Michael Howard talks to the EADT

Conservative leader Michael Howard gives an exclusive interview to EADT Political Editor Graham Dines ahead of a two-day visit to East Anglia.FIVE months ago, the Conservatives were in turmoil.

Conservative leader Michael Howard gives an exclusive interview to EADT Political Editor Graham Dines ahead of a two-day visit to East Anglia.

FIVE months ago, the Conservatives were in turmoil. Their conference had been destabilised by an unsubtle plot to overthrow leader Iain Duncan Smith - widely seen as an electoral liability - and the party was facing the prospect of a humiliating third election landslide defeat at the hands of a Labour government

Three weeks later, Tory MPs sacked IDS but pulled back from the brink of suicidal and bitter leadership contest by uniting behind one candidate, former Home Secretary Michael Howard.

Howard's election electrified the Tory Party. Morale at Westminster and in the country soared, former members returned to the fold, and the Conservatives suddenly found themselves no longer written off as no-hopers.

Labour's confidence in a third victory was severely jolted. But even now, with the Conservatives believing in themselves once more, the electorate has still to warm to Howard's Tories.

Yes, they are ahead in the polls, but there's still a long way to go before they can claim to be in a position to actually win.

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The Tories need to win around 180 seats from Labour and the Lib Dems to form a government. It's a tall order by any standard.

Having cleared out Conservative Central Office, Howard has staff around him who are loyal and focussed on trying to pull off that victory.

No longer is the leader and his staff crammed into offices on two floors behind the Commons. They're to be found now in a complex on the Embankment, with sweeping views across the Thames to the London Eye.

"Aren't they much better," he enthused. Rejecting the Clubland-style Commons surroundings and with a leader's office which is a vast boardroom-cum-sitting room with one of the best views in London shows the Tories really do not want to look backwards.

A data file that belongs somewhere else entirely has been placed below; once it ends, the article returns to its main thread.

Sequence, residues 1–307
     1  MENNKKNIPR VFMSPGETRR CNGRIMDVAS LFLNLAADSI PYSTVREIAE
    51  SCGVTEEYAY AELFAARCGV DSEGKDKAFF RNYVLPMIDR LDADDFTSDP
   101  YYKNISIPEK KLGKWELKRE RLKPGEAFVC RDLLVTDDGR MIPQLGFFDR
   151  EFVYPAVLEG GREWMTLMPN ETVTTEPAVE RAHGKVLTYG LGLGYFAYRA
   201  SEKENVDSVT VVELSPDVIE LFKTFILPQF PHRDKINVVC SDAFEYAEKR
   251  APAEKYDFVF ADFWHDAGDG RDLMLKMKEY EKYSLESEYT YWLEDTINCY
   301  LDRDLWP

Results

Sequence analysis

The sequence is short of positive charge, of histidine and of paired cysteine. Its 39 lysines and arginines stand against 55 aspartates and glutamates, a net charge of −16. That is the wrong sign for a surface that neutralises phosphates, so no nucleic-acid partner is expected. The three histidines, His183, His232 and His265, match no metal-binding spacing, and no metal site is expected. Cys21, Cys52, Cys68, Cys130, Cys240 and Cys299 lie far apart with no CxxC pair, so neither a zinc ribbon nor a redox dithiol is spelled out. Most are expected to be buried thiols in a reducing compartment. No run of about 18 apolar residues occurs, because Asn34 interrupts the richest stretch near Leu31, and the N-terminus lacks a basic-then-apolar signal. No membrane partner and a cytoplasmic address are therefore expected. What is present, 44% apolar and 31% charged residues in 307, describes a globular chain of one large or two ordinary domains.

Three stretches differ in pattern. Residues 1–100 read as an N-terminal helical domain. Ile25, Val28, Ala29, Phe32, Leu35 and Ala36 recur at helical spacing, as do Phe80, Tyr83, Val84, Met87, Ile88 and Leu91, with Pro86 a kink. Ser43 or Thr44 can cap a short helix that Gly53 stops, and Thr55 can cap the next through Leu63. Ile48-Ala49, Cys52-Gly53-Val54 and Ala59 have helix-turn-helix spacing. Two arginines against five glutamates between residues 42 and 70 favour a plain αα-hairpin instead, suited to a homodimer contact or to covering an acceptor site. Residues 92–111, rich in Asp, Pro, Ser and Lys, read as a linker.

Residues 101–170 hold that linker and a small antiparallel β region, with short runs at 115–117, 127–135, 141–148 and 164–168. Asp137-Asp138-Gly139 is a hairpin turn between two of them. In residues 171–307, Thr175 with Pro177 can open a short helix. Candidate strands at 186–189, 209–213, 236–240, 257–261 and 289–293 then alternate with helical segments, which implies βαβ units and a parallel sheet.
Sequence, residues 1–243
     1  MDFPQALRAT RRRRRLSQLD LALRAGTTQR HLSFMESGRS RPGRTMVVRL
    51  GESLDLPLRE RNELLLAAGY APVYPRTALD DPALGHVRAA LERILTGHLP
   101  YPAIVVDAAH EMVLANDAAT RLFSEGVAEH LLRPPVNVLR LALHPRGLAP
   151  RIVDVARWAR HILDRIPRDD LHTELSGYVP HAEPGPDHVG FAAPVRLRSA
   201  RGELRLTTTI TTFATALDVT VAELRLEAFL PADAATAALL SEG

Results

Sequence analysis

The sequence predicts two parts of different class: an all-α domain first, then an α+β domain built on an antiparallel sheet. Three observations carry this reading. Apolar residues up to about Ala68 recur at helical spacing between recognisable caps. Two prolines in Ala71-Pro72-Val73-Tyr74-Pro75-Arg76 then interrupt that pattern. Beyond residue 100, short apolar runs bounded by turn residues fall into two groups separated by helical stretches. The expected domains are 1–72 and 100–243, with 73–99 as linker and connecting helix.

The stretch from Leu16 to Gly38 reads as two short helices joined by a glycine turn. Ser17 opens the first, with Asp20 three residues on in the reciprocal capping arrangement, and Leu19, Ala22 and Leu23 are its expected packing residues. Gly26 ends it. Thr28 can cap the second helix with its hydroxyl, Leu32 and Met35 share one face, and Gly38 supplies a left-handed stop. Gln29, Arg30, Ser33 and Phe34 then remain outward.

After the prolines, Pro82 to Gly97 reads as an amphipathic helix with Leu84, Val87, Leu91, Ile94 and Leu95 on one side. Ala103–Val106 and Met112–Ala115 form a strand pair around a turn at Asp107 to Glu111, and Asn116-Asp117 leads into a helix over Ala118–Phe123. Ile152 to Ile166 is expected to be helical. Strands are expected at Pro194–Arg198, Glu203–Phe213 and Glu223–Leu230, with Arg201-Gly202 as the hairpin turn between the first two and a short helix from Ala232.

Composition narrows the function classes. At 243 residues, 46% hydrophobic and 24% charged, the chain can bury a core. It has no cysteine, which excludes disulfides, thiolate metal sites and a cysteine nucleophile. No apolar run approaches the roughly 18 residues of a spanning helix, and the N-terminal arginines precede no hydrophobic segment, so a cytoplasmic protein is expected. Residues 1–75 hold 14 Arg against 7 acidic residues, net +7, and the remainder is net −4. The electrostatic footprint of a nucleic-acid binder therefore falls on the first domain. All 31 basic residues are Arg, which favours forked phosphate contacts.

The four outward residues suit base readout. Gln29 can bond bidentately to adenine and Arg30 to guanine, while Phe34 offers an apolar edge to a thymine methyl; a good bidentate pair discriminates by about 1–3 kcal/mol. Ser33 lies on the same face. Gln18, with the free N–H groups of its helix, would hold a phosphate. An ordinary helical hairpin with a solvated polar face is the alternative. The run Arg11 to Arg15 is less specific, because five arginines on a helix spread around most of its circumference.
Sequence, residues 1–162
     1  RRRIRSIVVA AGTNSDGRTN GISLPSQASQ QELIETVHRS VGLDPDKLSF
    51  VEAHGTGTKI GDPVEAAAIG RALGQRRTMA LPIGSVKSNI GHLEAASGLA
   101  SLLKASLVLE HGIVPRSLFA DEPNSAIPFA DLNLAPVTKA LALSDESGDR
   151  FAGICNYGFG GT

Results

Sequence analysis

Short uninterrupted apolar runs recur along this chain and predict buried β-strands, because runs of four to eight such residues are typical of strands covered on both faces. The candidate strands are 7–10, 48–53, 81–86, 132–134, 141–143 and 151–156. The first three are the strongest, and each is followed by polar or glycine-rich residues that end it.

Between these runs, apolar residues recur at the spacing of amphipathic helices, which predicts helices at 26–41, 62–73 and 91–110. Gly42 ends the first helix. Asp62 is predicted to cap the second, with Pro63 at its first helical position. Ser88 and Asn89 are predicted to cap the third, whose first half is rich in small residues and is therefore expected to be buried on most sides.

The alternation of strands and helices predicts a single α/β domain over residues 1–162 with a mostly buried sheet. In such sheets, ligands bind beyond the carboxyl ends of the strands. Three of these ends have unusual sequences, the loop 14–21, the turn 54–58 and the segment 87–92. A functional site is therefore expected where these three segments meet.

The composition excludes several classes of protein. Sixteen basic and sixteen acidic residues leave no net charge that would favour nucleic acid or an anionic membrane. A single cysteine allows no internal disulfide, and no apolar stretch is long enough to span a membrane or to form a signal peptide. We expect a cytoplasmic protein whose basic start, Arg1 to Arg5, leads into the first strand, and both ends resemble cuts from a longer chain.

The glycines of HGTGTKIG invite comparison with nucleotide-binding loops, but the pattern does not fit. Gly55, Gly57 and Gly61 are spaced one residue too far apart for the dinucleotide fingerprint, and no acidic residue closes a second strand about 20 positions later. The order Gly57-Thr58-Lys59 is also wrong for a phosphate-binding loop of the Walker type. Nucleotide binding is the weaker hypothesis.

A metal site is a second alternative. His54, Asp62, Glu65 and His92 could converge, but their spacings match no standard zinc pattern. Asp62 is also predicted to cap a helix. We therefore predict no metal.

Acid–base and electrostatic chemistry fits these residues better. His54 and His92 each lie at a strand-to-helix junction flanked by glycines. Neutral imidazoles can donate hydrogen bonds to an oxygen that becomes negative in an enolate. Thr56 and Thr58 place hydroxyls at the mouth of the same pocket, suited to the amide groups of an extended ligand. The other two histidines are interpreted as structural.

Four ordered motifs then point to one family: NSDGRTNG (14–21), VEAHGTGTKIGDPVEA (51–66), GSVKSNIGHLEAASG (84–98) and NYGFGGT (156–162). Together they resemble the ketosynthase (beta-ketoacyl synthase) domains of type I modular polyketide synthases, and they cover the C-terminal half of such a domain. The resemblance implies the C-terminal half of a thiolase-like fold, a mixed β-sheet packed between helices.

Opposition leaders by their very nature have to be optimistic. There can be no outward sign that the prize of power may be beyond their grasp. Michael Howard is no exception.

"I'm in robust health and raring to go," he enthused, as we discussed when the General Election might be held. "I've been all over the country since November and I'll be doing much, much more."

Prediction of success goes with the territory, and East Anglia will be pivotal to any resurgence in Tory fortunes at the next election.

The Tory leader is too canny to predict specific victories, but party strategists must have already chalked up Braintree, Harwich, Great Yarmouth and Peterborough in the "in the bag" column.

But to win power, the Tories need to claw back North Norfolk, Colchester, Ipswich, Waveney, Basildon and Harlow. Michael Howard knows that, which is why he's embarking today on a two-day tour of Norfolk and Suffolk taking in the major battlegrounds of the two counties. Essex will follow soon.

His upbeat mood is based on the briefing notes he was given ahead of our interview, telling him of large swings from Labour in by-elections to Suffolk County Council and Waveney District Council. Nationally, he boasted that the Tories are polling 33%, the Liberal Democrats 29% and Labour 24%.

It seemed churlish, therefore, for me to inject a note of caution. Was it not the case the Tories had lost two seats in the past two months to the Liberal Democrats - at Yoxford in Suffolk Coastal and Hedingham-Maplestead in Braintree?

Well yes, but . . . "We have put on 20,000 new members since November. We have more paid up members than Labour and the Liberal Democrats put together. We are in good heart."

But those by-election loses? "Nine months ago, there was a lot of talk about the Lib Dems displacing us as the second party, but there's been none of that recently.

"They are able to target resources in council by-elections because they are not actually a national party - the odd gain here and there is a big deal for them."

He dismissed a suggestion that Lib Dem successes were based of their policy of replacing council tax with a local income tax. But with Labour promising a review of the tax, and the Lib Dems going all out to scrap, just what would the Tories offer the voters at the next election.